Book Review: Confronting Christianity: 12 Hard Questions for the World’s Largest Religion

Author: Rebecca McLaughlin

Review by: Joel Gilbert

Have you ever been faced with a difficult question about your faith?  Have you wondered if there is any way to respond to questions without sounding foolish or driving your friend away?

Being a person who likes to listen, I am sometimes slow to process things in order to have an appropriate response. I don’t feel like I always have the right answers until days after the conversation.

Dr. Rebecca McLaughlin, a frequent speaker with The Gospel Coalition, thoughtfully reflects on some of the most difficult questions and objections to Christianity.  She uses Scripture, logic,  statistics, philosophical arguments, and personal encounters to reflect on twelve questions that Christians may face.  These questions include:

  1. Aren’t we better off without Religion?
  2. Doesn’t Christianity crush diversity?
  3. How can you say there’s only one true faith?
  4. Doesn’t religion hinder morality?
  5. Doesn’t religion cause violence?
  6. How can you take the Bible literally?
  7. Hasn’t science disproved Christianity?
  8. Doesn’t Christianity denigrate women?
  9. Isn’t Christianity homophobic?
  10. Doesn’t the Bible condone slavery?
  11. How could a loving God allow so much suffering?
  12. How could a loving God send people to hell?

The book is thoughtfully written, but it is not a quick-pick kind of read.  Reading the book will take time to process and reflect on the underlying premises behind the questions.  I found myself surprised at the directions she took in some of her responses.  For example, in chapter 9, she used her own struggle with same sex-attraction as a teenager and young adult.  I know from conversations with some individuals that some in the LGBTQ community will balk at the “same sex-attraction” language.  She did not identify as a Lesbian, but rather as a woman who was interested in women, who yielded that desire to Scripture’s clear boundaries (she is now married to a man and they three children).  She does talk beautifully how in a Christian, heterosexual marriage we get a picture of what intimacy with Christ can be like.  She states,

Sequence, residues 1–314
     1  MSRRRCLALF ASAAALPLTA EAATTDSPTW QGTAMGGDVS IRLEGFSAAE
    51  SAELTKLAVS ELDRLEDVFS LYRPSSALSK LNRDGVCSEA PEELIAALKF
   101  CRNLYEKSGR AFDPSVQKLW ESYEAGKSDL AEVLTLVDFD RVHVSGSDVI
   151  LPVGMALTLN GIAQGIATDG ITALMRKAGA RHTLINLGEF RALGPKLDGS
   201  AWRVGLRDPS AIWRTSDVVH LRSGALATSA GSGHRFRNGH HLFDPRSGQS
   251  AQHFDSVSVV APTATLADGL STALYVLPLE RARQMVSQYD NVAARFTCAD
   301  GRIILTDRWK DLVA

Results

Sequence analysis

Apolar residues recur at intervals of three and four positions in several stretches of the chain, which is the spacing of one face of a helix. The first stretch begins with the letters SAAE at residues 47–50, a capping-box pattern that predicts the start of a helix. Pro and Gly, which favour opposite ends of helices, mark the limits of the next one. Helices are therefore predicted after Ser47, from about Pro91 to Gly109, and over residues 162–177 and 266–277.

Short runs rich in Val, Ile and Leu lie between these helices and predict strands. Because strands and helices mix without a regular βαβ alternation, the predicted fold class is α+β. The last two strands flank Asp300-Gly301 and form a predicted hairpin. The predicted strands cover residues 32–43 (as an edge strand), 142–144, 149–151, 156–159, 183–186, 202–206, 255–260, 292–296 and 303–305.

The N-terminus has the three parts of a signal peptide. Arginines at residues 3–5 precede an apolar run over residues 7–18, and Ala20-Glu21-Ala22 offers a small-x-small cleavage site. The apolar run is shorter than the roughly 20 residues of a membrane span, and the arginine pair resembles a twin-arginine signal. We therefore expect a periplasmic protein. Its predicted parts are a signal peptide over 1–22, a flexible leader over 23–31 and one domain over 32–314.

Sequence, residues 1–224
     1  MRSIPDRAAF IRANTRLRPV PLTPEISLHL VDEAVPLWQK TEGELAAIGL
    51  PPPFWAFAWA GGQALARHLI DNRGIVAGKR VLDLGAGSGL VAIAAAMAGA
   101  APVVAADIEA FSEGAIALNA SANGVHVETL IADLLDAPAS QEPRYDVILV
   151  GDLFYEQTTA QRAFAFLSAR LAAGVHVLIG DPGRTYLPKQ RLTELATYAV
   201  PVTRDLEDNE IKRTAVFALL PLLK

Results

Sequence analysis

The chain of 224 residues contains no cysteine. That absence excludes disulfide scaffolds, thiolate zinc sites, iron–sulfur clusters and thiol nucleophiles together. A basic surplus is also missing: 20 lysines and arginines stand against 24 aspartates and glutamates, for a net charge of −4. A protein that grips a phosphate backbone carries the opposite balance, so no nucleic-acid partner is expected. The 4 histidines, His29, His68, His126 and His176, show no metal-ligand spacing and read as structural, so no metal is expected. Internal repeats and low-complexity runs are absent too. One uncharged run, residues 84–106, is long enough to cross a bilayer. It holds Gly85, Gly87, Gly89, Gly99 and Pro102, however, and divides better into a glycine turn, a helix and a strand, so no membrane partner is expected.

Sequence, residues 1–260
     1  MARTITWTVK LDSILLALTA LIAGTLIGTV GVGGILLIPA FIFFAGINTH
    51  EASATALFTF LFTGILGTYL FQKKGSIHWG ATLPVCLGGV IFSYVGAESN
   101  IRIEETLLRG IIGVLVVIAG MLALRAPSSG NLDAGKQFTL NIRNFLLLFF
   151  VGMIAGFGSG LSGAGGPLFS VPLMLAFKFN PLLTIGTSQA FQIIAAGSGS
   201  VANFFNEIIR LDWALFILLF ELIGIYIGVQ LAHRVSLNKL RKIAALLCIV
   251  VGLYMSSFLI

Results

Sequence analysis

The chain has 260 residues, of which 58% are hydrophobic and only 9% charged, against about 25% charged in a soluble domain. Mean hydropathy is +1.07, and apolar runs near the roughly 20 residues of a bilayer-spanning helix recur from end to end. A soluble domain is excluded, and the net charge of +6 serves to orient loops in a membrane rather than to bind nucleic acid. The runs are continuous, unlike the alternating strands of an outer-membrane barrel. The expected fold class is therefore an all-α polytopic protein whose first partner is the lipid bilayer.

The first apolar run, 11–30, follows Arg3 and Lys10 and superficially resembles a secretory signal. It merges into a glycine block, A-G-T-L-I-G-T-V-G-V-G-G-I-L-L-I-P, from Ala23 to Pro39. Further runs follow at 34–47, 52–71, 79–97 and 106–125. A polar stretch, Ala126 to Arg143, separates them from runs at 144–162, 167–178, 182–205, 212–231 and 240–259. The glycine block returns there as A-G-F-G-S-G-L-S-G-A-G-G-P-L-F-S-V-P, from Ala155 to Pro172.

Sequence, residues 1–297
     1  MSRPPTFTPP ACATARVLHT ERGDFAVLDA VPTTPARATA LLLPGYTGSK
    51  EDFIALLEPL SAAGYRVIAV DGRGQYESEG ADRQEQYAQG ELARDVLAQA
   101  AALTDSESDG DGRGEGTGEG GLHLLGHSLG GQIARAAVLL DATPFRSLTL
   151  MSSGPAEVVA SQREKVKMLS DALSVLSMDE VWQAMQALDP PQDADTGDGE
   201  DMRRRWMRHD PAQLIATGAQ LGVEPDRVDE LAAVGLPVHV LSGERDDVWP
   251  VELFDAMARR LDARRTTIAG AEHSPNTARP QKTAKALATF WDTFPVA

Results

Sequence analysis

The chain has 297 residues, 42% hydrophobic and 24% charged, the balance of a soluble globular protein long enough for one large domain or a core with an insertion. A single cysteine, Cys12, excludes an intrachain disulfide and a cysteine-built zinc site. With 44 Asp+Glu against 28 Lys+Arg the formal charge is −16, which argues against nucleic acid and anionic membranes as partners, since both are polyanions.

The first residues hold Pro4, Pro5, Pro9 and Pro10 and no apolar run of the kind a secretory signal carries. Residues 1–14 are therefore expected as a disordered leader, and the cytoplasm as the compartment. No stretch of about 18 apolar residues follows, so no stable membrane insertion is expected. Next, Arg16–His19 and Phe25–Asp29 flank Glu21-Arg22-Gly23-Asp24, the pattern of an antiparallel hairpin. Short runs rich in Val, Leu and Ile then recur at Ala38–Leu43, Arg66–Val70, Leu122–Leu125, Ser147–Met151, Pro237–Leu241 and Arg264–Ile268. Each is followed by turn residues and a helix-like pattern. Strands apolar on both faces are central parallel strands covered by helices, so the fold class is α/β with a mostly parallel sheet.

“…just as God created parenthood to show us how he loves his children, so he created sex and marriage to give us a glimpse of what it means to be united to Christ.”

I did not always agree with her arguments, but I certainly did find them informative, challenging and helpful.  Overall, I found the book well worth the read and look forward to referring to it time and again.

We have a copy of the book in the Book Nook at church.  You can also order one here: 

If you choose to read it, I’d love to hear your thoughts.  Feel free to send me an email at

Categories: Book Review

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